To maximise its potential, science needs more than investment

We will need wisdom and common purpose to update multiple layers of norms, says Jinghai Li

June 24, 2020
Person jumping in the air as a rocket takes off
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Around the world, conversations about how science can be developed often focus on increasing investment and seeking new strategies. However, the response to the Covid-19 pandemic has once more underlined that there are other factors that are no less in need of immediate attention and action if we want science to better address the emerging challenges we face today.

One is communication difficulties. In the old days, the dissemination of science seriously lagged behind discovery because of the limited means to keep a wide audience informed about advances. In today’s digitally networked society, instant dissemination of information across the globe has become possible. However, in science, we are still some way from fully capitalising on that because we are still grappling with the issue of how to make information and data more open.

People have gradually realised that the solution lies in the promotion of open access to journals. This is certainly rational, but it in turn raises the issue of how to ensure quality and reasonable payment for publication. So far, no global consensus on this has been reached, and further efforts are needed to determine the most logical design of open access mechanisms.

Even if the open access issue is solved, there is another problem. Disparities and imbalances in the scientific strengths of different individuals and nations do exist, yet it is also impossible to overlook non-meritocratic inequalities. The opinions and papers of some individuals are more easily published and circulated than those of others; the people at a disadvantage include junior scientists, researchers from scientifically underdeveloped countries and those from non-English-speaking countries. With the continuous development of language technology, the language barrier could hopefully be removed, but the issue of power imbalances will still be a lingering question, even though the principle of equality has been always emphasised.

There is also a more fundamental problem, in that, over the years, the forces that drive scientific development have become more and more complicated. While the original motivations, such as human curiosity and the need to adapt to the living environment, are still at work, many confounding factors have been added.

The pursuit of personal gain, rather than pure scientific excellence, is the most visible and widespread. It is now corroding scientific culture and values, jeopardising cooperation among individual scientists. To make matters worse, these tendencies are sometimes coupled with policy complications, such as assessments that give undue weight to a person's or institute’s total number of publications and/or the impact factors of the journals in which they appear, while neglecting the quality of the papers. Such policies impose further incentives for people to hoard and potentially misuse data, escalating the issue of perverse incentives to an issue that deserves great global attention.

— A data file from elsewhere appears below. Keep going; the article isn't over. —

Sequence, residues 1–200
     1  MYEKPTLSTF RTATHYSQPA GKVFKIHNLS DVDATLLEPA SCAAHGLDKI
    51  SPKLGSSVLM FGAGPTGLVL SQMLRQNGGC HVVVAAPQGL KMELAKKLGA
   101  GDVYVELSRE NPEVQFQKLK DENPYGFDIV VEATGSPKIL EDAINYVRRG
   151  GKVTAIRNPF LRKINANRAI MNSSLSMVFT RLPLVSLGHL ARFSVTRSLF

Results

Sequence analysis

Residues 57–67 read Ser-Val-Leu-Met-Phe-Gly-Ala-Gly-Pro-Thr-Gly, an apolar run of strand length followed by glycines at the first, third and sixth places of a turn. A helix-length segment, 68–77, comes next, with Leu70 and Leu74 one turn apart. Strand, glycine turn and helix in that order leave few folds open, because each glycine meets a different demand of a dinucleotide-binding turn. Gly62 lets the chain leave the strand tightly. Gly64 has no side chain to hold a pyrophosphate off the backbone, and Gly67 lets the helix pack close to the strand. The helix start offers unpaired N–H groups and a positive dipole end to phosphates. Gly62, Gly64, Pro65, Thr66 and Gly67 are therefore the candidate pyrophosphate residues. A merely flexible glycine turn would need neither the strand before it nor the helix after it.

Moreover, for various complicated reasons, basic research has taken on the same competitive characteristics as technologies and patents, thus undermining openness, cooperation and public-spiritedness.

A further problem is that the traditional linear categorisation and understanding of basic research, applied research and product-focused experimental development are somewhat outdated. Meeting the real-world challenges we face requires the adoption of all three types of R&D activities simultaneously, as well as the convergence of knowledge and application.

As science continues to advance, these issues, at different levels, will grow even more complicated and severe. Left unsolved, they will greatly hamper communication and cooperation among individuals, groups, disciplines and even wider communities. Where there is no mutual trust, there is no cooperation, and certainly no concerted efforts to tackle challenges. 

Take the Covid-19 pandemic. Some publishers have made the relevant publications instantly open access, at least for the time being, and this has greatly promoted the research and been warmly welcomed by the scientific community. Yet a lack of coordination and cooperation among research communities, science funders and governments is obvious, and duplication of investment is commonplace. Imagine what it would be like to have a pan-global plan, with shared resources and seamless cooperation.

We anticipate an era of open science in its real sense, in which global resources will be more efficiently utilised, different disciplines will work together seamlessly, scientific output will be more rapidly disseminated, open cooperation will be further expanded and research results will benefit everyone equally. But to get there, we will need the wisdom and common purpose to overturn multiple layers of existing norms.

As I’ve explained, not all these norms are scientific. But I hope that if it can get its own house in order, science can play a major role in promoting globalisation and focusing policy on human advancement.

In other words, science must do what it can to create the conditions that will allow it to exert its full, collective strength.

Jinghai Li is president of the National Natural Science Foundation of China.

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Reader's comments (2)

Interesting comment on covid vaccine. Would it be better to have a higher chance of success on one big project or multiple projects with a lower chance of individual project success?
Surely, a big project can integrate different teams' capabilities in a coordinative way to be sure the direction and chance are optimized.